Germans Love David Hasselhoff / Film

    open/close all folders 

    Films — Animation 
  • The Irish animated film Song of the Sea was a very popular movie in Japan, likely due to Saoirse being a cute rare Selkie-themed magical girl.
  • Despicable Me:
    • Japan loves the Minions so much that they cameoed along with Agnes in Inazuma Eleven. Also, the DVD of the first film frequently shows up in Amazon Japan's top 20 kids and family DVD rankings, occasionally beating out shows like Aikatsu! and Kamen Rider, and the third movie topped the box office for four weeks in a row, something that hasn't been accomplished by a non-anime or non-Disney film.
    • The Minions are also massive in the Philippines, and there are even claims that some of the gibberish they mutter is actually Tagalog.
  • Illumination Entertainment films in general are quite popular in Japan as all of their films are box office hits. Sing even managed to overthrow Moana as the number one film of the month upon its release.
  • Anything related to Walt Disney or Disney is big in Japan. No exceptions (see live-action films for those). This has led to Square Enix making the Kingdom Hearts series.
  • While we're talking about Japan, Cheburashka (a Russian book and cartoon character) is very popular there as well. It is a recurring joke in Russia that Cheburashka is the first Pokémon ever created.
  • Pixar examples:
    • An example crossing this with Ensemble Darkhorse - During a publicity trip to Japan promoting A Bug's Life, the Pixar crew noticed that the Japanese loved the little green alien toys from Toy Story. As a result, this led to them giving the aliens a more prominent role than intended in Toy Story 2 (and needless to say, prominently featuring them among the main cast in Toy Story 3). This is probably also the reason they were incorporated into Buzz Lightyear of Star Command.
    • Lotso Hugging Bear got a lot of merchandise in Japan, such as a toy bus, UFO catcher plushies, and even Halloween costumes for kids!
    • Inside Out has become extremely popular in Latin America to the point where it topped the box office for two weekends in a row, and merchandise relating to the film frequently sold out in that country, now going for double the price.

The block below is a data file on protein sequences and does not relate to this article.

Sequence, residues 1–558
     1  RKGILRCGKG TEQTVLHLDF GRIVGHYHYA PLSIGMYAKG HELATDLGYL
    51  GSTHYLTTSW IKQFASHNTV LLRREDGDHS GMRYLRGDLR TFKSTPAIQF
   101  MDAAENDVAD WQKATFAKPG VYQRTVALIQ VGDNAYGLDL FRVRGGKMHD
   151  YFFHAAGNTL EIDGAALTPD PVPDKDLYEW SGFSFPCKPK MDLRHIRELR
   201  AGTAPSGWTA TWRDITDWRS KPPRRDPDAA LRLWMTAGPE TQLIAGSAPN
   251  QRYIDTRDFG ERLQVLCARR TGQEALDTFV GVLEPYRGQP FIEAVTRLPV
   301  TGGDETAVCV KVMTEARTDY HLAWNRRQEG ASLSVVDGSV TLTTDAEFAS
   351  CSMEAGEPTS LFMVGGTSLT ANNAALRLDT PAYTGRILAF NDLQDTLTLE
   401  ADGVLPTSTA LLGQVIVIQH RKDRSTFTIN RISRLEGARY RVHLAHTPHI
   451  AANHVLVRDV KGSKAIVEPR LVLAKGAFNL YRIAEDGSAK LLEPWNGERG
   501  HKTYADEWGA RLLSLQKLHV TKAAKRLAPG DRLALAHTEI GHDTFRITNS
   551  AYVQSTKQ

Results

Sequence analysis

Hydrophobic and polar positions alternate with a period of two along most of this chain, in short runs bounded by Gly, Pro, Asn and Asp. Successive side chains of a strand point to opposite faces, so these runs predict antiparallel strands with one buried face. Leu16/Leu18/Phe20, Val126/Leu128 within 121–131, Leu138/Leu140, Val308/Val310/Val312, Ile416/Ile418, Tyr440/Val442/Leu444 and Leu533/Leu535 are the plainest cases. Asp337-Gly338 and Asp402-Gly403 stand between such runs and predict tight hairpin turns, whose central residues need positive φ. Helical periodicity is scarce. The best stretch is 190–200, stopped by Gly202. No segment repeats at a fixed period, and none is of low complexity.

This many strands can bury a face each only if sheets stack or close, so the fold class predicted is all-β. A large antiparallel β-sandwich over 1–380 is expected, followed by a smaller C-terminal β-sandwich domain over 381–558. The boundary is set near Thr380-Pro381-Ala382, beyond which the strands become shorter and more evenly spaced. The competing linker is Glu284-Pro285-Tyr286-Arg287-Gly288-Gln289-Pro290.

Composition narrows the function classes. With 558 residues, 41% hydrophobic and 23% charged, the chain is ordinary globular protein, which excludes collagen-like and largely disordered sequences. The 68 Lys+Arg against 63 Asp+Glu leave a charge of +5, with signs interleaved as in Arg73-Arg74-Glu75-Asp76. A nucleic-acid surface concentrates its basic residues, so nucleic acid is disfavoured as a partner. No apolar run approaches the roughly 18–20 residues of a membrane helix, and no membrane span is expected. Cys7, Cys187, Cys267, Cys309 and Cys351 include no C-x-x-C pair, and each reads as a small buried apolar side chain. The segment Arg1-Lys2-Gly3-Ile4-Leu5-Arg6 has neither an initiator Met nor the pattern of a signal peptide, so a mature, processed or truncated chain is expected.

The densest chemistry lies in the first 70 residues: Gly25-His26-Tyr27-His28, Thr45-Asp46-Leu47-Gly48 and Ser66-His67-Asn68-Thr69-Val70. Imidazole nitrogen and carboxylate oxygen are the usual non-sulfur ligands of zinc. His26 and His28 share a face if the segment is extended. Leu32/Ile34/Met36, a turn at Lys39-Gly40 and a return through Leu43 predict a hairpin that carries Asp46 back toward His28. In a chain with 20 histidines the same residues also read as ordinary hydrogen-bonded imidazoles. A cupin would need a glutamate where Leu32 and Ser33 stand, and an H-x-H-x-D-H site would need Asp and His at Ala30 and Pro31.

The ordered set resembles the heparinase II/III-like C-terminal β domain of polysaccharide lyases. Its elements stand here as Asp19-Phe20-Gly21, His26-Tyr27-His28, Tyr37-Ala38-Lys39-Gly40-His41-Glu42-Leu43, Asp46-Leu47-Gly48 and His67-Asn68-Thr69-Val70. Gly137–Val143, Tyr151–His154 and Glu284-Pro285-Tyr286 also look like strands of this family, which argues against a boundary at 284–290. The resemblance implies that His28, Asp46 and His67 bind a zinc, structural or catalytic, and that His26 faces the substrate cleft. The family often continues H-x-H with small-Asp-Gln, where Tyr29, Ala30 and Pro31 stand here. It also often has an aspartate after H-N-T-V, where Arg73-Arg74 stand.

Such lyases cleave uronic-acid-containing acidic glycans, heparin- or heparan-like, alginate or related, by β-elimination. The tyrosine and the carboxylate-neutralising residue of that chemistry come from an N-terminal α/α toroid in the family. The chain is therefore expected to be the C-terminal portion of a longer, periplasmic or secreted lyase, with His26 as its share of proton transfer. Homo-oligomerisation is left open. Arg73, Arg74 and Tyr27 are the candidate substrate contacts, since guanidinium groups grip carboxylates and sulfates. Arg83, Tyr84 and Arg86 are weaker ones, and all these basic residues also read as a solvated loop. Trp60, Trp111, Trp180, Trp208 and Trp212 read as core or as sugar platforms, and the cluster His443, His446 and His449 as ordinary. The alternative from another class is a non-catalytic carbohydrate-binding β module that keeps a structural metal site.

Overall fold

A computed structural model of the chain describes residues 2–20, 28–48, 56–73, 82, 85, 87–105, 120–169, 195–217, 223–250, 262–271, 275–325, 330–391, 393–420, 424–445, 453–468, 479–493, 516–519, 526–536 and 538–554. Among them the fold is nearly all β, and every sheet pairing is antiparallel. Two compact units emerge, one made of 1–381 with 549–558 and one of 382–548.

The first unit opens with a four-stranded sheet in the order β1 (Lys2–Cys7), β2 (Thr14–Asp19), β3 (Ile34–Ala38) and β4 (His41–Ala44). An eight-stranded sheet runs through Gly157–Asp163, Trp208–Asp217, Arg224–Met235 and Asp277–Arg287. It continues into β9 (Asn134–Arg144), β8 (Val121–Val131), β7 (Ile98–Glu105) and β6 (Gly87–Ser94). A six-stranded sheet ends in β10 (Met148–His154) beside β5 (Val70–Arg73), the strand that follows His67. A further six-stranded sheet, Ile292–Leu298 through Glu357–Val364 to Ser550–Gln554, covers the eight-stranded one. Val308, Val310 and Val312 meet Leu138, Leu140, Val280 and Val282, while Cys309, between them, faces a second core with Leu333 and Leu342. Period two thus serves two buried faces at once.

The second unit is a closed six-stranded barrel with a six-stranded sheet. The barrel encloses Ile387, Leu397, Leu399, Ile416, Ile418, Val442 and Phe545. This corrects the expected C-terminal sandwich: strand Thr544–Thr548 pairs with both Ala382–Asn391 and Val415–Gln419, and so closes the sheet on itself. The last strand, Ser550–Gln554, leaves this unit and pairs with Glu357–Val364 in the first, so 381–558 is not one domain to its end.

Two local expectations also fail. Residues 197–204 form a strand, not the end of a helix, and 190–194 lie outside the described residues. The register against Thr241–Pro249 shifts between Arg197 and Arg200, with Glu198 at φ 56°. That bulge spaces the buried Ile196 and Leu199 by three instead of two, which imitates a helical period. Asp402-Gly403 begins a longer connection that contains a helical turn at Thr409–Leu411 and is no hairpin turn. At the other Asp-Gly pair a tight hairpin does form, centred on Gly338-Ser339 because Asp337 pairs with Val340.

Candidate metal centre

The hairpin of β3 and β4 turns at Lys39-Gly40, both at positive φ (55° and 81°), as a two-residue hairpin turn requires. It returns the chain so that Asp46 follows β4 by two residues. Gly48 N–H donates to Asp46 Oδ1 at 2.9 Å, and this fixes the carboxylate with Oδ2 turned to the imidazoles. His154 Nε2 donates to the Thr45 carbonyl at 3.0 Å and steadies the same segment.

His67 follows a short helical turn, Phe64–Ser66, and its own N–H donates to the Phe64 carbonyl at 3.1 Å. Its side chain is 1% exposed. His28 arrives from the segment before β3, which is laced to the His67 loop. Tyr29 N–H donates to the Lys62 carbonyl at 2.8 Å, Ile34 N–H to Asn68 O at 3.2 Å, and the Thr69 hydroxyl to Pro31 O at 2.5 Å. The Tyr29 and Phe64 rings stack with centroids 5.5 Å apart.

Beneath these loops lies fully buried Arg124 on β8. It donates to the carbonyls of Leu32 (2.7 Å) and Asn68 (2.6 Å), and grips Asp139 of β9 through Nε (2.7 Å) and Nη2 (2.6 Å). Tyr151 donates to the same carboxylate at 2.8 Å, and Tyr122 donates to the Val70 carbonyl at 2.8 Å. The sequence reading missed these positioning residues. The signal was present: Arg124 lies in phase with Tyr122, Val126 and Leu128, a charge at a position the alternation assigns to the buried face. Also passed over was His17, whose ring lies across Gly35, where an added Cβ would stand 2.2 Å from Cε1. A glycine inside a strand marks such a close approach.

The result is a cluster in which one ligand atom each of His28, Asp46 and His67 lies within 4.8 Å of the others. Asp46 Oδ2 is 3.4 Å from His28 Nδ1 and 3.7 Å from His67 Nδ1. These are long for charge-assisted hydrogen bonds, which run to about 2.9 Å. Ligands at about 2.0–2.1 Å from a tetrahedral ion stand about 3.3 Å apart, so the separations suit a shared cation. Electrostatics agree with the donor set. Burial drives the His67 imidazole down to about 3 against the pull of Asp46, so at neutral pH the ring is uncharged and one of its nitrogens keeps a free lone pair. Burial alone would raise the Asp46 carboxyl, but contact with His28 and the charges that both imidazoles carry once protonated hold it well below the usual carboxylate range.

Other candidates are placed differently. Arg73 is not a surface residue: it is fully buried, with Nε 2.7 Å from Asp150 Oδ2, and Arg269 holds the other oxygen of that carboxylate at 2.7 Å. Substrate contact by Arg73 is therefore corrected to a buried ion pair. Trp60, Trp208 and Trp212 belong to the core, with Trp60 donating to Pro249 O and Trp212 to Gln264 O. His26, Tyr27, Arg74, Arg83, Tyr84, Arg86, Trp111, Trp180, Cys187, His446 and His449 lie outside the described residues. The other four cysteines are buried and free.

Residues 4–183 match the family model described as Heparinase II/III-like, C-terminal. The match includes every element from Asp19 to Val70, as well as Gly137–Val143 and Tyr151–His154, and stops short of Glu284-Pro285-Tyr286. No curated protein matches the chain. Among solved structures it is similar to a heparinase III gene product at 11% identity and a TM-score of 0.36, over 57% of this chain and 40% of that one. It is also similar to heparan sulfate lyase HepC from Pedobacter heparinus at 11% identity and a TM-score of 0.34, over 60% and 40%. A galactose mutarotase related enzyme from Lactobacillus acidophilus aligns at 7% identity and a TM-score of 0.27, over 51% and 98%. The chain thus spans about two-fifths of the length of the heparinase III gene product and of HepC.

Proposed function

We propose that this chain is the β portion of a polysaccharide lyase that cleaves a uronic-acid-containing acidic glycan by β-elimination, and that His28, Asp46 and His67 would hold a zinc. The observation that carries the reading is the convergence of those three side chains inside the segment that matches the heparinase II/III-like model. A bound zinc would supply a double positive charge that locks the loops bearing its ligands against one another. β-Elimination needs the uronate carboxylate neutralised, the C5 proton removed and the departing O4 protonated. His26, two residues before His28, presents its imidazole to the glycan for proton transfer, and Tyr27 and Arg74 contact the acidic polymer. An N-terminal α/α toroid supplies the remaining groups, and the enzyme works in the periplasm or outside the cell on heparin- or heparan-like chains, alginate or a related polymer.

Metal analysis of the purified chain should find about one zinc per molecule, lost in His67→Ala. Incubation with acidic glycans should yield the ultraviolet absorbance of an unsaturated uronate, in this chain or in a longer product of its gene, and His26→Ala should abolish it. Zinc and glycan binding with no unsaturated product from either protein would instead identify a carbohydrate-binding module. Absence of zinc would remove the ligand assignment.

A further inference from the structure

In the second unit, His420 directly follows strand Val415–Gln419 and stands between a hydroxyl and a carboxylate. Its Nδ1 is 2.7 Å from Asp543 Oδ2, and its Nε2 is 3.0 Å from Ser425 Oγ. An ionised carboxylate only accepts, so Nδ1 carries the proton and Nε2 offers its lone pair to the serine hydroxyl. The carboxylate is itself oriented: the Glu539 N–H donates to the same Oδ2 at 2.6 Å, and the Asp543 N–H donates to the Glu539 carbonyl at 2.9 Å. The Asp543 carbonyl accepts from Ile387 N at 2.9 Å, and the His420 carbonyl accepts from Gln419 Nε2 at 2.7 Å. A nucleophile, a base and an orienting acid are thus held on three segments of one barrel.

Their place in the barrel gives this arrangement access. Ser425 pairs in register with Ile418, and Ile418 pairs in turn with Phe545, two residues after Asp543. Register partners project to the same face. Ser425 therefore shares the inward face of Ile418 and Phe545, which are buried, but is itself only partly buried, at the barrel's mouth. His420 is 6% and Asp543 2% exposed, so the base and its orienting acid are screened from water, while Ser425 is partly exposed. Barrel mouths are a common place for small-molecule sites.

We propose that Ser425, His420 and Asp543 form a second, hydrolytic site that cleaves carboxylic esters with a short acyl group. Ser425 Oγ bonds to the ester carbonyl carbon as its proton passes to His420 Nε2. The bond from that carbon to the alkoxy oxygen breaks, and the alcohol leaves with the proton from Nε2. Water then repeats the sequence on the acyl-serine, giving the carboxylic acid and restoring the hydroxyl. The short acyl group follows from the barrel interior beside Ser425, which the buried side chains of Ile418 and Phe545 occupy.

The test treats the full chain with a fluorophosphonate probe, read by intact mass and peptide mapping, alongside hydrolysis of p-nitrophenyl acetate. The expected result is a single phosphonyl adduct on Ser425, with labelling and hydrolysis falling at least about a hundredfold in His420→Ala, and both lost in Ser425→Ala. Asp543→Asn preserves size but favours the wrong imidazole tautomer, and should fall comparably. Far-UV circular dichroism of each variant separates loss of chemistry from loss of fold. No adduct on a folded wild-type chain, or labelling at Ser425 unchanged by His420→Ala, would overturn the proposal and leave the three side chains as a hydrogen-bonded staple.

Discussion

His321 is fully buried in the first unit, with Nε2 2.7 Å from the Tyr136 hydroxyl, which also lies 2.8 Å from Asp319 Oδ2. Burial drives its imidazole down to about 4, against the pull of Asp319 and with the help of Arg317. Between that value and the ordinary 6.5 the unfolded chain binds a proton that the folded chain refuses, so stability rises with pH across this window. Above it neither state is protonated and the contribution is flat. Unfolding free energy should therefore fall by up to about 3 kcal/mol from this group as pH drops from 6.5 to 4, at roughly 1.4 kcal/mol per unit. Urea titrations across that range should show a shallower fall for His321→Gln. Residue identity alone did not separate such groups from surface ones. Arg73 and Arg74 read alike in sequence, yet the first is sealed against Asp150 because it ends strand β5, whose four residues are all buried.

• There are also many British fans of the film, to the point where they outnumber the American fans. It's also worth noting that fans in that country love Bing Bong due to his Comic Relief Character status. In fact, the line that gets the biggest audience reaction during most British screenings of Inside Out will usually be one of his lines, and merchandise of him is very hard to find there. He's also left a bit of an impact in Japan, as there's also something of a Japanese fad where people take toys of him out to cafes and restaurants.
      • It's also very popular in Italy. Similar to the Frozen example above, it topped the box office every week in the country, even beating out such films as Ant-Man and Minions. This lead to it becoming the second highest-grossing film of the year there, only beaten by The Force Awakens.
    • Monsters Inc. is the most popular Pixar movie in Japan, possibly because Japan has a lot of monsters in their folklore.
    • In France, Cars is a very popular film, and has a strong presence at Disneyland Paris.
    • Finding Dory is huge in Japan and spent many weeks in the top ten at the box office, which lead to it becoming the second highest-grossing animated movie in Japan of 2016, after Your Name. It's popularity lead to the release exclusive merchandise based on the film, including everything from stuffed animals and figurines of characters that haven't had toys released in the USA to an educational kids' smartphone toy.
    • Coco became the highest grossing film of ALL TIME in Mexico before even releasing in the US, and it's extremely beloved there to the point that the film's Tear Jerker aspect became a national meme. Understandable as it is a very respectful and fun representation not only of Day of the Dead, but Mexican culture in general.
  • The Nightmare Before Christmas is also a prominent Disney film in Japan instead of the cult-classic, Touchstone production in its home country, where it is usually presented as a Tim Burton film instead. Because of the movie's massive fanbase in Japan, Halloween Town is a recurring world in the Kingdom Hearts series. Its presence in Kingdom Hearts has actually made this come full circle with western fans of KH knowing about TNBC through the game.
    • The Japanese are well-aware of the movie's status in the United States, and the Japanese arm of Square (this was pre-merger) was rather surprised that the American arm wanted to promote the Halloween Town levels here, not realizing it would go over well in part because the American fandom for the movie overlaps well with video gaming fandom. Also, American Kirby Is Hardcore came into effect.
    • The Nightmare Before Christmas merchandise seem to be huge hits in many South East Asian countries such as Malaysia, where everything from handbags to cell phone cases feature Jack Skellington.
  • Nickelodeon's Barnyard gained huge popularity in Iran when it was released for Home Media. Although it did not have an official dub, it was awesomely translated.
  • The animated film Gnomes and Trolls: The Secret Chamber has been almost universally panned in its native Sweden. In Turkey, however, it was still playing in theaters half a year after its initial release.